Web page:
December: Spectacular meteor shower makes its return

Taken with a smartphone on the Mornington Peninsula, this photo of the aurora australis shows what happens when fully charged particles burst from the sun, creating a solar wind that is then drawn to the North and South poles to produce nature’s finest lightshow. Photo: MPAS member Nerida Langcake

During December, the constellations Taurus, Gemini, Orion, and Auriga are visible. Looking towards the north you can spot the distinct upside-down ‘V’ shape of the Hyades open star cluster, which marks the head of Taurus. Within Taurus you can also observe the open star cluster Pleiades, or M45, which can be seen with the unaided eye and is a wonderful sight in a small telescope.

Just next to it towards the northeast is Orion, a magnificent sight with its bright stars Rigel and Betelgeuse and the fantastic nebula M42. Emerging from the foot of Orion, Eridanus meanders high across the sky. Look out for Perseus and Auriga below Taurus in the north. Auriga can be found by locating the bright star Capella, which is low in the sky this month. December is also a great time to look out for the Magellanic Clouds in the south.

This month we also have the Geminids meteor shower – considered to be one of the most spectacular meteor showers of the year – on the night of December 13-14, with peak viewing time around 3am. The shower owes its name to the constellation Gemini because the meteors seem to emerge from this constellation. Unlike most other meteor showers, the Geminids is not associated with a comet but with an asteroid called 3200 Phaethon. As Earth passes through a massive trail of dusty debris shed by the weird, rocky object, the dust and grit burn up as they run into Earth’s atmosphere in a flurry of shooting stars. The asteroid takes about 1.4 years to orbit the sun.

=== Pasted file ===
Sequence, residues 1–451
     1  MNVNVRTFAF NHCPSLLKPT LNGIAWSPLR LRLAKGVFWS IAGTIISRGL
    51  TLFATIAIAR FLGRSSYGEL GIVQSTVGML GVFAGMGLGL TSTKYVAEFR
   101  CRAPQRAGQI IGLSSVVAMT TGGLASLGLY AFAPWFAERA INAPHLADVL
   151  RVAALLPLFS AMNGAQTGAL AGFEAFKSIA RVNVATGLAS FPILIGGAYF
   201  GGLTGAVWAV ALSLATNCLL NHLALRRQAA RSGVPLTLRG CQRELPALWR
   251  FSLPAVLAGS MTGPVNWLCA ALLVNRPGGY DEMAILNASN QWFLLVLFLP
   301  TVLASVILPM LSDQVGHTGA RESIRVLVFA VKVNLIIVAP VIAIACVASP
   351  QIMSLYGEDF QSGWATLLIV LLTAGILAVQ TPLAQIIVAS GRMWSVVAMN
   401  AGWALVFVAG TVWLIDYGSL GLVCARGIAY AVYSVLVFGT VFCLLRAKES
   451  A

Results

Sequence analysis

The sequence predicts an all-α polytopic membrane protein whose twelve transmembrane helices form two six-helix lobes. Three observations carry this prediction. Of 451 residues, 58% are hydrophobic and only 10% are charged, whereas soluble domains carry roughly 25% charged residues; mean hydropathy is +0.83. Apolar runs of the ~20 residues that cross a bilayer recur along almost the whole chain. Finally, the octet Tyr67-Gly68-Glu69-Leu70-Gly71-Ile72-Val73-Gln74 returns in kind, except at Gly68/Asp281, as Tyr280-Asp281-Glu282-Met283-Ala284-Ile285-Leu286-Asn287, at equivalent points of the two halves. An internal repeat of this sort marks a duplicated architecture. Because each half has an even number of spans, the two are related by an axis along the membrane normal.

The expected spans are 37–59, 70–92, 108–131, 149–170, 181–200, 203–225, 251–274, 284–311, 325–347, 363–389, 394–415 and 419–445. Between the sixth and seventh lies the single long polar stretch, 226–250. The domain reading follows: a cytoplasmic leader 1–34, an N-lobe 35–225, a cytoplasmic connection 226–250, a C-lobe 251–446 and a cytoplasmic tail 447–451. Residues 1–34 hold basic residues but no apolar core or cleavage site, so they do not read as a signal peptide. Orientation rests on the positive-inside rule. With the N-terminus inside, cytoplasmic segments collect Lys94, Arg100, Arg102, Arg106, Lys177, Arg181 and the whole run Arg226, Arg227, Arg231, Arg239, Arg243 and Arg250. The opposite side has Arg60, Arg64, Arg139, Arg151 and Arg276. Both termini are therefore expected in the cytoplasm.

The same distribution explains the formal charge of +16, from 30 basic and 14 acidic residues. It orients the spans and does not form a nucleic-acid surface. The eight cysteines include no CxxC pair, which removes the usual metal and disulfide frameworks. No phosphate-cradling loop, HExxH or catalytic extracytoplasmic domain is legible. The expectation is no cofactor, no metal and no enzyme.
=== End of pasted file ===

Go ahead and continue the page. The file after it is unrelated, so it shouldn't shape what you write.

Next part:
On December 21 the Earth is at solstice, which is when the axis is tilted most closely towards the sun and the southern hemisphere sees its longest day. Also, if you look up from December 23-30 you will see four bright planets – Mercury, Venus, Saturn and Jupiter – all lined up in the evening twilight.

By Nerida Langcake
This article appeared in the December 2021 issue of the Mornington Peninsula Magazine.

The Pleiades, also known as The Seven Sisters and Messier 45, is an open star cluster containing middle-age, hot B-type stars in the northwest of the constellation Taurus. It is among the star clusters nearest to Earth; it is also the nearest Messier object to Earth and is the cluster most obvious to the unaided eye in the night sky. Photo: MPAS member David Rolfe